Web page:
The Secrets of 9s

This short story is found separately on the Kobo store (and others), and is included in the collection Baker’s Dozen. Baker’s Dozen was born out

by Leah Cutter

of an intriguing idea: to write 13 stories in 13 weeks. It’s a great challenge for a writer (one that I’m tempted to try myself) and I’ll look forward to reading the result of Cutter’s task–but for now, we’ll concentrate on this one story.

A lot of Cutter’s work involves fairies in one way or another. I don’t know much about fairies, but the folklore around them in interesting–I’ve always loved myths and cultural folk stories. I thought this would be a good introduction to what Cutter, at least, thinks of the creature.

I found the result intriguing, to say the least. I have to admit that at points I was a bit lost–while the story is interjected with little snippets describing what the Secrets of 9s are, just what 9s are is never really explained. Neither, for that mater, are 8s, 4s, or 1s, all mentioned in the story. This might simply be a lack of knowledge of the lore on my part, but it made the story a bit lose for me. I wasn’t sure why the events in the plot were happening–until the end, where everything is tied up a bit.

That’s not to say it’s not a good story. I quite enjoyed it, actually, and this is one I’ll re-read. It’s written in a wonderfully poetic way, very evocative and somehow ornate. Though I’ve read only a couple of Cutter’s stories so far, I can say that she’s got style, and a wonderful voice in her writing. What’s more, this story is in a very different tone than the one above–one of the signs of a good writer is the ability to transcend genre and write in many different voices. Cutter seems to have that quality, and that alone puts her on my “to read” list.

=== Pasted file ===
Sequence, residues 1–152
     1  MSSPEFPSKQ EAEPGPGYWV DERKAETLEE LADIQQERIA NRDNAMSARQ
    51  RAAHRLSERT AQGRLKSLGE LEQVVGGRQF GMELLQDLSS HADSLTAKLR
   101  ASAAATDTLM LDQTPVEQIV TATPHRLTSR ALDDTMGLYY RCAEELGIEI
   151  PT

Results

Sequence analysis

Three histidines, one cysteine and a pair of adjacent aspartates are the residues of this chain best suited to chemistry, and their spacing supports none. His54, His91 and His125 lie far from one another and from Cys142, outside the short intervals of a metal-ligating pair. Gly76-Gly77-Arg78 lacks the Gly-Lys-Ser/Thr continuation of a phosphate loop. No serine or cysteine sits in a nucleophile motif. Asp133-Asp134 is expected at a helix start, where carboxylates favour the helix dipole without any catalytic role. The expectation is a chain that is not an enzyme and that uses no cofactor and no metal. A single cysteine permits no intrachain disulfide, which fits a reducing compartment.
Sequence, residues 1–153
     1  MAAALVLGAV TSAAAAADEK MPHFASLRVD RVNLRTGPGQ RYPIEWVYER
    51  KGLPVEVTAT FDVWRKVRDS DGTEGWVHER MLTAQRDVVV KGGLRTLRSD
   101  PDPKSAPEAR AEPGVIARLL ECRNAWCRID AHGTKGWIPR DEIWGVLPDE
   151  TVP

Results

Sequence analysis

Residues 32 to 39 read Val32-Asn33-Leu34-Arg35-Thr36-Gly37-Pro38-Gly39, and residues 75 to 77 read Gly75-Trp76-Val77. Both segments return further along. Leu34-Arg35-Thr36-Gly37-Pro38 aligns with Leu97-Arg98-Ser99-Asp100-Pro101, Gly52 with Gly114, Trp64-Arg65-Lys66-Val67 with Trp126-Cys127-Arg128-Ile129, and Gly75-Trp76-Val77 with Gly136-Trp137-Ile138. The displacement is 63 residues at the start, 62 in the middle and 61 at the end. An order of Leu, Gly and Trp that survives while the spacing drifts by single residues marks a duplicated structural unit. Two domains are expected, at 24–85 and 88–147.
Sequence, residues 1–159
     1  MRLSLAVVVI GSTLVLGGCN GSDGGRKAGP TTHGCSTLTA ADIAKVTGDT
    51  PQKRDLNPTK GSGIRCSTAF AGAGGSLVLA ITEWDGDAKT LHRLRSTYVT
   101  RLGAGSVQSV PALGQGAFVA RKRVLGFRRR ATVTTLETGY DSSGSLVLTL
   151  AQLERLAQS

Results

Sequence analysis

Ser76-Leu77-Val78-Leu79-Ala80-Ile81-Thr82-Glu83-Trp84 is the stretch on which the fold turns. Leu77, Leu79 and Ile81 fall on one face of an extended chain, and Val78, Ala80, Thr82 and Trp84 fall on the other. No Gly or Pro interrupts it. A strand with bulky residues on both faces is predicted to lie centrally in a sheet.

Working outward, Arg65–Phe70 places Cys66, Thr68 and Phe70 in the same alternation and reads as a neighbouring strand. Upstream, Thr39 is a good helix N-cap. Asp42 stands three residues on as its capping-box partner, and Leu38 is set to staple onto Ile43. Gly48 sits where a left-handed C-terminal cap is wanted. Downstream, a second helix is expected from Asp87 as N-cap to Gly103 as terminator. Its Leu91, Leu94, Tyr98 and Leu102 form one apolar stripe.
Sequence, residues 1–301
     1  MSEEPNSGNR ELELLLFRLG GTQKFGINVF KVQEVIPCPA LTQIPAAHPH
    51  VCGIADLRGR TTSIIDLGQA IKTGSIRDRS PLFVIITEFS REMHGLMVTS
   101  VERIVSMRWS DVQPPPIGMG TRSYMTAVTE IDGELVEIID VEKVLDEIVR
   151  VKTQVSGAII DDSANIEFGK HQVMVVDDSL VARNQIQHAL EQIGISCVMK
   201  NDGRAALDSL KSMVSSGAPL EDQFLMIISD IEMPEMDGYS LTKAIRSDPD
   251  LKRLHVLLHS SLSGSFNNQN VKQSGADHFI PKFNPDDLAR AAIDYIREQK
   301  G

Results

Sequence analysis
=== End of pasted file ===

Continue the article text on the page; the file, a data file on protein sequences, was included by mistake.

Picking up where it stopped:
But back to the story. If you look past the question of what 9s are, you’re left with a sort of mystery. Someone is setting fires and bombs, and their motive isn’t clear–if there even is one. For me, the story was an exploration of someone who causes destruction for the sake of destruction, and that makes for some interesting exploration of Bridget, the main character. This is mostly done through the POV of others (in an author’s note, Cutter explains that she wanted to experiment with technique, and it works well), giving what amounts to a series of profiles of our main character, outside Bridget’s own view. This causes her character to gradually unfold as the story progresses, and I thought it was quite effective; there’s an air of mystery around her that lingers even after the story finishes, and that’s part of what will draw me back to it.

I liked this story better than Tortoise and the Maiden, if only because it’s so interesting. There’s a few things that are left unexplained, but–apart from just what 9s are–that’s okay; it leaves the reader with questions, the types of questions one should be asking when one finishes a good book. It’s definitely worth a read.

Leah Cutter can be found on Twitter, and she keeps her own blog. She’s got an impressive body of work available online, so I won’t post all the links–but you can find The Tortoise and the Maiden and Baker’s Dozen both on Kobo and Amazon.

Tomorrow, a new release by J. M. Ney-Grimm!